A little prep goes a long way: thoughts on basic services for a home lab


Image credit: http://imgur.com/gallery/HYO11dd/new

What’s the saying? “If you find yourself in a hole, the first step is to stop digging.” Sage advice, assuming you follow it, and I’m guilty of not following my own advice.

As I continue to build my lab up, I am finding it increasingly difficult to scale. I am already up to nine VMs and it’s becoming a challenge to manage all of the different DNS names and IPs. Part of the problem is that my router, an ASUS RT-AC68U, is acting as both a DNS and a DHCP server for everything, lab and home network included. While it has worked very well for me as a standard home router and has provided excellent 802.11ac coverage, it is not really well equipped to do things like record editing and manual forward/reverse lookup changes.

In the back of my mind, I knew that this problem was a ticking time bomb. Sooner or later, the inability for me to edit DNS settings before creating it was going to rear its ugly head, and sure enough, today was the day it decided to do so.

I managed to successfully install EMC Avamar Virtual Edition on my lab (hooray! also, I’ll post about this soon!) and I am preparing to do image-level, proxy-driven backups of a couple of VMs. The problem that I am encountering, however, is that Avamar isn’t recognizing the DNS names of the proxy that I am attempting to create as there are no A records to reference, and it won’t let me fix the problem after installation as it will just uninstall the proxy at the first sign of trouble. Clearly, this just won’t do.

The short-term fix, which I will be working on deploying soon, is to deploy a system that acts as a DNS server for my lab. Thankfully I have a ton of different options to do this.

  1. Linux is an obvious choice. DNS is not exactly a high-stress service that requires a lot of power, so it may make sense to deploy a standard CentOS 7 server from a template, load up the dns server, and point all new lab clients to that server for future use. aboutdebian.com has an excellent writeup on the matter.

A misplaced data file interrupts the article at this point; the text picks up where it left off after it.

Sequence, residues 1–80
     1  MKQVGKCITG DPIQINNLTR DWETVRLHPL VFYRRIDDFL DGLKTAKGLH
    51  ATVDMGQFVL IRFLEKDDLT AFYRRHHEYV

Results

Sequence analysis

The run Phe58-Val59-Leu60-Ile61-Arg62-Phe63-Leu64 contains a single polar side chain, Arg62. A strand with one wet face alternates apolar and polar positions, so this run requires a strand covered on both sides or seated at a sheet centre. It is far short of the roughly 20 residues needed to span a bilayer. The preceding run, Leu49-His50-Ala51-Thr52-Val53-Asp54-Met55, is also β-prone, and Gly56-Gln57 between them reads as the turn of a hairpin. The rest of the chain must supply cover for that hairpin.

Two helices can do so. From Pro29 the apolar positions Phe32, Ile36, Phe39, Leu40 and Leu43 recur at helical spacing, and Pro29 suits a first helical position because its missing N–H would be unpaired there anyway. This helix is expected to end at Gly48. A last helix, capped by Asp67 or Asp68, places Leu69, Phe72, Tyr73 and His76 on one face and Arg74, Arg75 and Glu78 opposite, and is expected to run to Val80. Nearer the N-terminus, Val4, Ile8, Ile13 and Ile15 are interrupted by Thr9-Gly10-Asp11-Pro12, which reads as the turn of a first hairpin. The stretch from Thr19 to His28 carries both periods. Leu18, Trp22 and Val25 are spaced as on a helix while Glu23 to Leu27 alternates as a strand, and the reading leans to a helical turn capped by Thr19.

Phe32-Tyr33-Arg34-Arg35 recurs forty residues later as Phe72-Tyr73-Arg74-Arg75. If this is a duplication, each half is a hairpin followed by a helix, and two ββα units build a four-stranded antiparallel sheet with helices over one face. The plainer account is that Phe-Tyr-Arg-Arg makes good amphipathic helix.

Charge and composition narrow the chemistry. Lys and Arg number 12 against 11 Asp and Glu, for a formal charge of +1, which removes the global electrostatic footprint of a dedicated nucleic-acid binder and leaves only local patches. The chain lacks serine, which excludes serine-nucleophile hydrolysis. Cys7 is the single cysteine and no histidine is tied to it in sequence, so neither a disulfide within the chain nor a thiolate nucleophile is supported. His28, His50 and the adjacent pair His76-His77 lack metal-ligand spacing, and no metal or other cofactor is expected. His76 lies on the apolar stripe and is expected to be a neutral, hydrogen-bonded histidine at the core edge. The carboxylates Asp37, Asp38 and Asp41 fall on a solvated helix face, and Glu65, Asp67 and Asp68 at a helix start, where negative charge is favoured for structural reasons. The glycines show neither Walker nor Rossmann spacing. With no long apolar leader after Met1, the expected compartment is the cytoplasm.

2. There’s another, perhaps more interesting option: pfSense. pfSense is a FreeBSD-based open source firewall/router that a lot of home labbers like to throw around as a good services OS. Again, this would be a low-impact VM, and I don’t mind using something outside of Linux if it makes sense and is purpose-built.

I’ll likely deploy this either tomorrow or over the weekend, but for now, here are my thoughts for future lab builds to make life a little easier:

  1. Start with a plan. It doesn’t have to be a great plan and it can just be a sheet of notebook paper that you quickly sketched out, but don’t just deploy ESXi, throw VMs on top of it, and hope for the best. Have some sort of hierarchy. Will you be using a separate subnet outside of your home network? Will you be deploying VLANs? What will you do for separate physical devices, such as routers, hosts, etc.?
  2. Use Excel or Google Docs to keep track of your VM name, DNS name, IP settings, and so forth. Again, this doesn’t need to be fancy, but you’ll thank yourself down the line. It’ll make troubleshooting and merely expanding your lab so much easier in the future.
  3. If you have access to Visio, use that to diagram your lab as it grows. A visual representation of your lab will go hand in hand with your spreadsheet in both troubleshooting and expanding.
  4. If your lab is going to grow beyond a few VMs (and environments like mine are pretty much guaranteed to do so!), spend time deploying service VMs. DHCP and DNS should absolutely be part of this, and if you are planning on doing anything with Active Directory, plan on doing that as well.
    1. By extension, that means you should also plan on deploying app servers such as SQL as well, if you forsee the need for them!


For my next post, I’ll spend a little time on deploying pfSense and reviewing DNS, and then we’ll talk about Avamar Virtual Edition and why it’s absolutely awesome.



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